The governments of the United States of America and Liberia yesterday signed a US$9.1 million agreement to expand "the electricity grid" of the Liberia Electricity Corporation (LEC) in Monrovia.
There have been concerns over the failure of LEC to extend its electrification project to some parts of the city.
But during the signing ceremony at LEC's offices in West Point, Deborah Malac, US Ambassador accredited to Liberia, said the money would be "directly" provided to the LEC to carry on the expansion project within the city.
"The U.S government, through the U.S Agency for International Development (USAID), will provide US$9.1 million directly to the LEC to expand the electricity grid in Monrovia - both down town and along Tubman Boulevard in Sinkor.
"This agreement will provide electrical service to 7,000 new customers - more than doubling the current number of customers," she disclosed.
She explained that the agreement which reflects the Obama Administration's policy
to support the Paris Declaration, the Accra Agenda for Action and Busan in promoting host country ownership of development process, reflects their confidence in the LEC's "increasing management capacity."
"This is the second such of US government agreements in Liberia. We signed a similar agreement with the Ministry of Health and Social Welfare just over a year ago.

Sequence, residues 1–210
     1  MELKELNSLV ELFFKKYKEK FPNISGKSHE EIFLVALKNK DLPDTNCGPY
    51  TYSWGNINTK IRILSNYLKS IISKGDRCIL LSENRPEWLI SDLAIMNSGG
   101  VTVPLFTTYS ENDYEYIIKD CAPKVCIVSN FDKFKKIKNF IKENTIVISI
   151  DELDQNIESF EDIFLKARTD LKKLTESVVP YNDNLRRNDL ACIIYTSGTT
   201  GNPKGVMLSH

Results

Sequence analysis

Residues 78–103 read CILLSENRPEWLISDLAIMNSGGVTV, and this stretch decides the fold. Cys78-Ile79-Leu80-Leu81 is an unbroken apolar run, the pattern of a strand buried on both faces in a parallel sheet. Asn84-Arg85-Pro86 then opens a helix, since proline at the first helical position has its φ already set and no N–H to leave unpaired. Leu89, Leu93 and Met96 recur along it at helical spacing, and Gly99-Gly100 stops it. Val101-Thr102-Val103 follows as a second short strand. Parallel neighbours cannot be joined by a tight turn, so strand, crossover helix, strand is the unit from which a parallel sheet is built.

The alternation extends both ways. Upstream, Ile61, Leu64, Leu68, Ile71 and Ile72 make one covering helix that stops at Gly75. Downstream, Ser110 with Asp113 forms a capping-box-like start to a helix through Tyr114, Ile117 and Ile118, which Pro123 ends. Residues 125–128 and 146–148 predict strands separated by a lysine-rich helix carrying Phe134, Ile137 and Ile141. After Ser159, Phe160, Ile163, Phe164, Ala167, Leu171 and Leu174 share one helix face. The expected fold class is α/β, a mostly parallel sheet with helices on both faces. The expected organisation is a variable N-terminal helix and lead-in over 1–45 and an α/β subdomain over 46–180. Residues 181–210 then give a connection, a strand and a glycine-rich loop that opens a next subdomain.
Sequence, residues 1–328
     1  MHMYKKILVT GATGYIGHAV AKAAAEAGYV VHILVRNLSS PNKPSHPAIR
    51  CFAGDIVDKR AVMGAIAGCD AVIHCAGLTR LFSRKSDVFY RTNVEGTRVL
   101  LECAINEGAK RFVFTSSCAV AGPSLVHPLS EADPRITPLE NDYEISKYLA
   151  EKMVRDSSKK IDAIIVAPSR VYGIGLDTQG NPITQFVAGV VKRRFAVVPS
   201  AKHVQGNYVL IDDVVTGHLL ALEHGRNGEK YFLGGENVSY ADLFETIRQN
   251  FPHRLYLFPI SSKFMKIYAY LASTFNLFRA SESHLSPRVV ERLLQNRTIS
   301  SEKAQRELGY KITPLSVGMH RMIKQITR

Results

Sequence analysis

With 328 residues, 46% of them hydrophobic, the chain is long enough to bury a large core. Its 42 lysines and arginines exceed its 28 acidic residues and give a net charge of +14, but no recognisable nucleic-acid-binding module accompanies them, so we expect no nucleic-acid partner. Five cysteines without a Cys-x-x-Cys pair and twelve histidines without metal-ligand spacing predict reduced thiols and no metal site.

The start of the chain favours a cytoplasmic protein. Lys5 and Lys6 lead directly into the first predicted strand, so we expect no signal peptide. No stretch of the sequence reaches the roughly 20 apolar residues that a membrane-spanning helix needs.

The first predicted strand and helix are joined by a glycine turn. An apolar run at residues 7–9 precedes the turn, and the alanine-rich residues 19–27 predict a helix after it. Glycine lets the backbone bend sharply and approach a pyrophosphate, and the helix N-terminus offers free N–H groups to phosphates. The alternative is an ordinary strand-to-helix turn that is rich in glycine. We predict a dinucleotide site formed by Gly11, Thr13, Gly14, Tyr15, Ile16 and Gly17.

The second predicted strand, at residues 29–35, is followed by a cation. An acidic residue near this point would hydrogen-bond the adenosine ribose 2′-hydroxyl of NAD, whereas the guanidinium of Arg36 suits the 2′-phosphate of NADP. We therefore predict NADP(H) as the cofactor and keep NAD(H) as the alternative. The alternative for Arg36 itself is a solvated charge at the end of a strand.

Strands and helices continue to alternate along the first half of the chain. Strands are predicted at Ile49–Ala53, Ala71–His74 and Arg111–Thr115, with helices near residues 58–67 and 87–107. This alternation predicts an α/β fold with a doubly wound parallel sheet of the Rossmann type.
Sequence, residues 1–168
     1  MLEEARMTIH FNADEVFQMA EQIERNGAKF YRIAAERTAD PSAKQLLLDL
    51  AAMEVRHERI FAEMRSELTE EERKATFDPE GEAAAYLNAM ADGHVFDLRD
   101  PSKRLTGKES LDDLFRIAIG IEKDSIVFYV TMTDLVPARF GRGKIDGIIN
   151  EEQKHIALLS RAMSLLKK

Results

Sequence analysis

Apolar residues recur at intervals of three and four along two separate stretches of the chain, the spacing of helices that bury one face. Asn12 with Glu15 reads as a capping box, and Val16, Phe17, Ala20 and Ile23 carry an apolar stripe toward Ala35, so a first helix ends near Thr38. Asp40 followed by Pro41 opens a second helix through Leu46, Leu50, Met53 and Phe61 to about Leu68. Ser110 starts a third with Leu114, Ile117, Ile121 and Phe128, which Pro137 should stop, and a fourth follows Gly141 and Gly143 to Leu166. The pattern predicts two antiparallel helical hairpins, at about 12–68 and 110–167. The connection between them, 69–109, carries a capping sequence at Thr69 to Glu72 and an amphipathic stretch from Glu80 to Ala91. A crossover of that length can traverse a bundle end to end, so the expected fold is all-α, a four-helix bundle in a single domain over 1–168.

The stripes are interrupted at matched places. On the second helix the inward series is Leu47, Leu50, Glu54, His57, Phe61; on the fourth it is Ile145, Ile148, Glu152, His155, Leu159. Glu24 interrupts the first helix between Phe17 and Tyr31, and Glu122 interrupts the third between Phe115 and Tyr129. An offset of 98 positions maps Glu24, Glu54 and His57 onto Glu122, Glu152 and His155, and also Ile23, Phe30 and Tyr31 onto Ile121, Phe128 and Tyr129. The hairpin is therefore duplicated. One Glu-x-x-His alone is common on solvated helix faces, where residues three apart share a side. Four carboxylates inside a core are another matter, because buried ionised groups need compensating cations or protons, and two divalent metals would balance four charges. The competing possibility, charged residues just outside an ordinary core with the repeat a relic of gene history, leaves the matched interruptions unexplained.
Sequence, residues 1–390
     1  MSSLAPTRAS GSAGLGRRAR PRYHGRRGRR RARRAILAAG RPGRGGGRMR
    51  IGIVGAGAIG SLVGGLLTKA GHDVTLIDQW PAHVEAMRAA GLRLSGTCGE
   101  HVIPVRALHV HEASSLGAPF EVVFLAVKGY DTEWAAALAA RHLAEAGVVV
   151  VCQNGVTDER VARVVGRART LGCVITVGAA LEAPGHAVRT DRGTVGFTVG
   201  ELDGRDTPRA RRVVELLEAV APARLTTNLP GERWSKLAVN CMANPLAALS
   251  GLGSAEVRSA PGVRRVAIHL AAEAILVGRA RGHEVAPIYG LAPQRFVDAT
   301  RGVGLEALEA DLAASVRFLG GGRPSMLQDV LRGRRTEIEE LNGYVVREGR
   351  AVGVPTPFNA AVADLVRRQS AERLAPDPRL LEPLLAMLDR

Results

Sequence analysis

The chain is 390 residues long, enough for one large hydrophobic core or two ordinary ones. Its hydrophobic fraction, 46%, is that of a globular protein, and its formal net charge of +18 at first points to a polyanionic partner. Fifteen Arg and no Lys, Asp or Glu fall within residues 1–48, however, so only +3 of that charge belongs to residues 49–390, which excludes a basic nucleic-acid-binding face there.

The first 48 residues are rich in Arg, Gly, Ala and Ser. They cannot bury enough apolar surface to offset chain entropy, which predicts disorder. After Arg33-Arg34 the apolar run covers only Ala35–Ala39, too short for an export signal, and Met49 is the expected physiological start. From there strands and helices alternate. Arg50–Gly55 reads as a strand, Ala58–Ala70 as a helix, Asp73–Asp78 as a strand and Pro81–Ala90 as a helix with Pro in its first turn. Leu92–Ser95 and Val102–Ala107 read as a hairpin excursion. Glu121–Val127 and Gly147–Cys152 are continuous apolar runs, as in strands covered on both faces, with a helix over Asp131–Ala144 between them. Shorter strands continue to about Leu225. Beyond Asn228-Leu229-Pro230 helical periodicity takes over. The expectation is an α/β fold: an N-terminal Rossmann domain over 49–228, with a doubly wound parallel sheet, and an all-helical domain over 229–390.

"This agreement also reflects our commitment to donor coordination. The US government is working closely with the government of Norway to support LEC's Accelerated transition and Distribution project," she assured.
Amb. Malac however noted that there is still much to be done and urged all stakeholder to continue to work together to improve "this vital pillar in Liberia's development agenda" and promised US government's continuous support to the energy sector.
Also speaking, both Francis Cooper, LEC's Directors of Board Chair and James Kollie, Acting Finance Minister commended the US government for the gesture.
Kollie noted that the development of energy was one of the major priorities of the government. He emphasized that without "a proper energy, all development" programs would be elusive.
"Energy is an important aspect of our agenda for transformation. The argument can go back and forth but if we do not invest into energy and provide cheap electricity to our people, everything we have talked about in terms of transforming our economy would be difficult.
"If we can move this country forward and improve on the lives of our people, then we got to make sure that we bring cheap electricity. This is the number one thing on our agenda," Minister Kollie emphasized.